“Wh…wh…what happened?” I stammered trying to catch my breath.
“He drank an entire bottle of Purell. The acids in the product started choking him. Lack of air caused him to go into a coma. I’m sure once we get him to the hospital he’ll be just fine.” The kind nurse explained.
I sat there speechless. A zillion questions flooded my mind. Why would he drink that? Is he gonna be okay? I know the nurse said he will but is she just saying that, or will he really? Didn’t he see the Not-For-Consumption label?
I’m not sure how much time had passed when we got to the hospital but it didn’t feel like we got there fast enough. Marcus didn’t even look like himself. So weak, and blue; it wasn’t him.
I tried to push my self into the operating room with them but the nurse turned around and stopped me. “He needs immediate care, we’re going to save him, but you need to wait out here. I’ll come and get you as soon as he’s okay.”
“Bu…bu…” I stuttered.
“Wait out here, he’ll be fine. Go sit down.”She ordered.
I turned and sat. Still stunned; nothing was registering in my mind. How could this have happened? He promised me he’d be fine. My sweet little brother; I couldn’t lose him! He promised!
Tears started flowing down my cheeks once more, but this time I could feel it. I cried until there were no more tears left. My eyes burned, my throat stung, my body ached, and I just wanted this all to go away. I wanted to wake up back at home so I could go downstairs and eat pancakes and eggs with Marcus, so this would all be just a terrible nightmare.
I’m not sure how long it took, but after what seemed like forever my mom walked through the hospital entrance. She sat down next to me. I put my head in her lap, and waited for more tears to come. But they wouldn’t. I was all out of tears, and my eyelids hurt. They felt heavy and I slowly drifted off into a dreamless sleep.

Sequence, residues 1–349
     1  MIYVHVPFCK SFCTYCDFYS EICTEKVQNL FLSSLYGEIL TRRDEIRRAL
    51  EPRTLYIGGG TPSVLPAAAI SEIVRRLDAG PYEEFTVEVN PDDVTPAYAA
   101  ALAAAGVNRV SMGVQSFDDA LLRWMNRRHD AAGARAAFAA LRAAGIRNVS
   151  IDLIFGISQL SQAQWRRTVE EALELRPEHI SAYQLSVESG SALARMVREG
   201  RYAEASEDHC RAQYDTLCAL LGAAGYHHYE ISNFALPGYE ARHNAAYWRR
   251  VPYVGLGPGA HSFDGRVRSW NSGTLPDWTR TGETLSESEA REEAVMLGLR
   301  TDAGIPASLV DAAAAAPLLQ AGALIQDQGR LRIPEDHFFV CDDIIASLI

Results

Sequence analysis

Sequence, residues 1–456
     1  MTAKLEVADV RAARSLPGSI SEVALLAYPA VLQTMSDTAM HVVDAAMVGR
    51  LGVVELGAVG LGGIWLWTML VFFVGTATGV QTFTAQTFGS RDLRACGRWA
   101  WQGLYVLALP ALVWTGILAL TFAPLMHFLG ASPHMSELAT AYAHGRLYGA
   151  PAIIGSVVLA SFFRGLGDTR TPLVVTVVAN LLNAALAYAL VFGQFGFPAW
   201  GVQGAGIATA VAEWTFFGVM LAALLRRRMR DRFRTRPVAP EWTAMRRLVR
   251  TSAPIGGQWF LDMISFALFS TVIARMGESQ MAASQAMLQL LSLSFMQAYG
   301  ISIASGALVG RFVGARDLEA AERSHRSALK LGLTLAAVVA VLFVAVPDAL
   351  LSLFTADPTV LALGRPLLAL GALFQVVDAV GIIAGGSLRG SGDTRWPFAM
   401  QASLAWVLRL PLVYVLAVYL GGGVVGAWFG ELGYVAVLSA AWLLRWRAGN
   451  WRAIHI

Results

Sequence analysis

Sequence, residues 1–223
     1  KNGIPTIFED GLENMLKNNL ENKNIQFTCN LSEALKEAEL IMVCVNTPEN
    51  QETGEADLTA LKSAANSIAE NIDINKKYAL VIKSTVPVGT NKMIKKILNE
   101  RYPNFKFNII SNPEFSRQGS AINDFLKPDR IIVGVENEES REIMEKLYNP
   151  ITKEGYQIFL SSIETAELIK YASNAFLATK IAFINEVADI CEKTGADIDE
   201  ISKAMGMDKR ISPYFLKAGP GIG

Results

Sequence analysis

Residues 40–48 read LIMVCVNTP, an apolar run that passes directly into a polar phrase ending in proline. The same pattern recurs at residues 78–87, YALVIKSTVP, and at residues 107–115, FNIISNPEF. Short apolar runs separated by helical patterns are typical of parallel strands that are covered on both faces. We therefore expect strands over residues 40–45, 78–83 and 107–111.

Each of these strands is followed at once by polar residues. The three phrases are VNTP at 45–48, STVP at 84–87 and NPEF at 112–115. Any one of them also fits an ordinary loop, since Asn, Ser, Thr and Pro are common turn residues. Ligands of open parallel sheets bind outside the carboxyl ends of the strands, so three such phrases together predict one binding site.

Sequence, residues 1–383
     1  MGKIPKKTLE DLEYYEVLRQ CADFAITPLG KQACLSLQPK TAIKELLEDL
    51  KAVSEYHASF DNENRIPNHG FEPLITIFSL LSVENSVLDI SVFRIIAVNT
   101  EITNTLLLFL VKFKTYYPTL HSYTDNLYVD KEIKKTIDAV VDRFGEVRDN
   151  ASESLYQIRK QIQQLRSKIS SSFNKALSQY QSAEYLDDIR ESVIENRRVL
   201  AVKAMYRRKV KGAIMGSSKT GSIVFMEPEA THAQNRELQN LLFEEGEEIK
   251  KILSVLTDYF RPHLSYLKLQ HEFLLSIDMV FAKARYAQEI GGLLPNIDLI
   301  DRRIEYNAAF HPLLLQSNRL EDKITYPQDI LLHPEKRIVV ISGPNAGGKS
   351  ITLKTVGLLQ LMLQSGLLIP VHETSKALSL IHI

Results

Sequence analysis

I woke up to find myself in a completely different hospital room. My first thought was “Is Marcus okay?”
I bolted into an upright position. He was lying there on the hospital bed in front of me.
I got up and walked to his side. His lips were once again their normal color. But he was still out. He looked like he was asleep. I looked to his right to find his heart-rate monitor. He was doing just fine.
Just about then a nurse walked in the room. She checked his monitor and left the room. “Great service they’ve got here.”I thought to myself sarcastically.
I kneeled down by his bed side so I was closer to his head.
“Marcus.” I whispered carefully.
He smiled. I took this as a good sign.
“Marcus, can you hear me?” I asked hopefully.
He nodded, with his eyes still closed.
“How’re ya feeling bud?” I longed for an answer just so that I could hear his voice.
“Not so hot.” The words were barley audible, but I could still hear him. His eyes were still closed and that was starting to worry me.
“What happened?” I asked the question I had been dreading. I wasn’t sure I wanted to know the answer.
“I drank the bottle of Purell.” He whispered.
“I know that sweetie, but why?” I used my best mom voice, because apparently my mother was nowhere to be found.
“I wanted to fit in. I wanted them to like me. They said it was cool.” Marcus admitted in a strained voice. “I’m sorry.”
‘Oh Marcus! I’m just glad your okay!” I blurted.
He gradually opened his eyes. ‘I love you Claire. I’m sorry, I broke a promise.”
I felt the terrible throat wrenching feeling before you cry, but I wasn’t going to in front of him. He needed me to be strong for him.
“It’s okay honey. I love you too.” I stroked his hair.
If only he read the warning sign on the bottle, no friend was worth this. But I knew he would be just fine, and I was just glad that he was okay.